I’m normally just as happy at a crowded crag as I am at a peaceful one. Conversely, I’m usually not one to share on social media.
The Corona threat is so unique. My views change from morning to night; they can refresh by the hour; the second hand may soon serve as their metronome.
A few days ago (in my first blog in ages), I declared that I’d deal with the pandemic—and the social distance required to defeat it—by climbing outdoors with friends, spending time with family, and rafting. So much has changed in those 48 hours.
Yesterday, I climbed outdoors, managing to find a vacant crag (in winter shade). It felt good to be moving on stone, to be outdoors, to escape the news cycle.
Climbers showed up and jumped on a neighboring route. I was visited by the acumen—that visceral gut check—I felt on my last day at the climbing gym. We pulled our ropes, hiked down, and found an isolated cliff.
Another party approached as we shoed-up for our last pitch. These folks hiked 15 feet beneath us, clearly observing social distance. We chatted from a couple meters, learned a little about each other. We discussed social distance, yet I didn’t feel socially distant. Perhaps a better moniker would be “physical distancing-social responsibility.”
My recent embrace of social media tells me something: COVID-19 may bring us together in unanticipated ways—it may even bring us together as a country. I’m finding comfort in Facebook; I’m enjoying translating my thoughts to prose (a passion I’ve largely neglected); I’m hearing messages that may have otherwise eluded me. I’ve substituted handshakes and hugs for the blue light of a screen, but I’m learning more about my friends and my community.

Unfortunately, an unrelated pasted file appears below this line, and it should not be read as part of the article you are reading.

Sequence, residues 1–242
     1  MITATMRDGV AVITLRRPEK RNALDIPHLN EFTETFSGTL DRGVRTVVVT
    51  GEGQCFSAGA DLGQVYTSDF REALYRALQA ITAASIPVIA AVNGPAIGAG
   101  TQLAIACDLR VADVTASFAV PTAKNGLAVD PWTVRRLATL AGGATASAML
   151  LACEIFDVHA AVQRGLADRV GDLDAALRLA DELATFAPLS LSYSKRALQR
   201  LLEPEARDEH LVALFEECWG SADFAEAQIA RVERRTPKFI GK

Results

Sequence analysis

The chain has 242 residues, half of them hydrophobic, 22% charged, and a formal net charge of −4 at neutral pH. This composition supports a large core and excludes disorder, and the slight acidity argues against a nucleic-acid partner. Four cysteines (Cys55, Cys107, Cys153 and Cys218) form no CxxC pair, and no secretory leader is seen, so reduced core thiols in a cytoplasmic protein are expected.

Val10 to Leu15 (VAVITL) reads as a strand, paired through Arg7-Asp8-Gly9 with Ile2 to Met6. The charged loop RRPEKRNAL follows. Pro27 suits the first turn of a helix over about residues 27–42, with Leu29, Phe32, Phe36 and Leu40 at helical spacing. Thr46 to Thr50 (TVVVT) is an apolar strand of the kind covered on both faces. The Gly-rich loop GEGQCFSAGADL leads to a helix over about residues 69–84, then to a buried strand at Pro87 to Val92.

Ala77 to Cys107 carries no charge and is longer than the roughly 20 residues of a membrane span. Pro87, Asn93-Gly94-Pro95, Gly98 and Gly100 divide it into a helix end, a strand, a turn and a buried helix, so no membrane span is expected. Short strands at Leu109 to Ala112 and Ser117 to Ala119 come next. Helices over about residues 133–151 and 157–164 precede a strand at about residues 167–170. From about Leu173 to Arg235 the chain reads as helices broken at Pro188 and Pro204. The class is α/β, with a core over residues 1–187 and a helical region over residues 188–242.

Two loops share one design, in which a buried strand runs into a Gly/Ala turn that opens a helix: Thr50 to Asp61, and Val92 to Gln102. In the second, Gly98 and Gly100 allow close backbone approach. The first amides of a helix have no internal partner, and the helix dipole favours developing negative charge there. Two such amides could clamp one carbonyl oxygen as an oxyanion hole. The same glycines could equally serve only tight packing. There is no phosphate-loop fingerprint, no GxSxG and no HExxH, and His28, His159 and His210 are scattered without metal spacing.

I cancelled our river trip out of respect for rural communities with limited healthcare, and I altered the blog so that it wouldn’t suggest traveling to crags. Thank you, friends, for sharing these concerns with civility and contemplation.
I care about the greater good and, out of respect to society, I’m taking precautions: I’m asking my kids to pick two friends to hang out with—friends that are also willing to pick just two. If I continue to crag, it will be only in the company of my two choices or my family.
I’m still calm and mindful. That is not the same as ignoring science. The latter is selfish and socially irresponsible.